The highest praise you can pay Wimberley's third procedural featuring African-American policeman Barrett Raines (after Dead Man's Bay and A Rock and a Hard Place) is that it makes you want to read his first two - like now. Wimberley's north Florida setting is so alive you can smell the pine. ("Resin seeped from those ancient trunks like maple syrup. The pine cones were large. They reminded you, when opened, of pineapples.") The two principles, Raines, special agent of the Florida Department of Law Enforcement, and his wife, Laura Anne, are very appealing and believable. And the villain is enough to give you the shivers. The author's clear and flowing prose carries you right along with nary an extraneous word, and the suspense builds on narrative interest - what happens next - rather than violent incidents. In the course of investigating the working conditions of Mexican laborers brought in to harvest pine needles, Raines finds a young woman murdered in the woods in a manner that's viciously obscene. The suspects at first seem so obvious that it's hard to choose among them. Raines changes his mind more than once, but the logic of his thinking is always sound. In addition to the murder, he has to sort out a child pornographer, consider an offer to run for mayor and deal with a childhood nightmare - his father's murder. Laura Anne, a wonderfully bright and warm character, provides aid and comfort. This first-rate detective novel deserves a large audience. (Nov. 12). Copyright 2001 Cahners Business Information.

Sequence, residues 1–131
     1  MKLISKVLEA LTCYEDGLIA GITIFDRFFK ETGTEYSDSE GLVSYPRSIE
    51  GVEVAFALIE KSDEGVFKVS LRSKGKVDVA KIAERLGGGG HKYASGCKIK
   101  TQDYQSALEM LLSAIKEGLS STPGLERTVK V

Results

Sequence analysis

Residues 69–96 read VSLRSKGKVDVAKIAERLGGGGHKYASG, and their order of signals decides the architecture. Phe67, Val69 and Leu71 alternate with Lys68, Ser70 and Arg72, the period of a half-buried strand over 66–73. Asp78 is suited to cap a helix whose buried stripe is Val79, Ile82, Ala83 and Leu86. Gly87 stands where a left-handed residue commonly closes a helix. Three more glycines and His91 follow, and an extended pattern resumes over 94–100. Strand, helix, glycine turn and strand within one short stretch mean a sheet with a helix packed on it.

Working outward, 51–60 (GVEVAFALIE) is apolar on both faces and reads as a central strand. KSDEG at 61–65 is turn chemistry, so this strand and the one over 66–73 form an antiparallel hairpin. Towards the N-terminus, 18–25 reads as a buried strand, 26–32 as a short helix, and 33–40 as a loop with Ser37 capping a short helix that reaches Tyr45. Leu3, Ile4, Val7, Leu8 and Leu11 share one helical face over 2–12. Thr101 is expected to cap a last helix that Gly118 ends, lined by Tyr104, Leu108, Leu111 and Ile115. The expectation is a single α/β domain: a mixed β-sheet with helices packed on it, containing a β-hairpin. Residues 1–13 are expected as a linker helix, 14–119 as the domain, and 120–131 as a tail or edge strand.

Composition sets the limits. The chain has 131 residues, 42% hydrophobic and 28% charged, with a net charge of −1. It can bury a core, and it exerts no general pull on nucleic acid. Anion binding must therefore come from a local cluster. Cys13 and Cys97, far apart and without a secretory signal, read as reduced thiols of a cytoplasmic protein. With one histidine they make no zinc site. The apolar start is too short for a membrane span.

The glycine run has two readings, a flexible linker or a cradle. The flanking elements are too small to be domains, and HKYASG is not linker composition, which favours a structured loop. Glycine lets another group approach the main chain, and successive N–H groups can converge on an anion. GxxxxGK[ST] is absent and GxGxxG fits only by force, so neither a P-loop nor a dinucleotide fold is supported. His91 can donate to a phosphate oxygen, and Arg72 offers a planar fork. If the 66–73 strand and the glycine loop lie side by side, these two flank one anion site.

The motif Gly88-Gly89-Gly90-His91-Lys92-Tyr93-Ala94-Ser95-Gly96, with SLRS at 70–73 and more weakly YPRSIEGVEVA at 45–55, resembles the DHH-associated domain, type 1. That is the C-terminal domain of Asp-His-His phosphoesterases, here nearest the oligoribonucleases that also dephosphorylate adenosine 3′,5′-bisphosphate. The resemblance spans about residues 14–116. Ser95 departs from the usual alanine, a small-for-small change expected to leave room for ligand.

Kirkus Reviews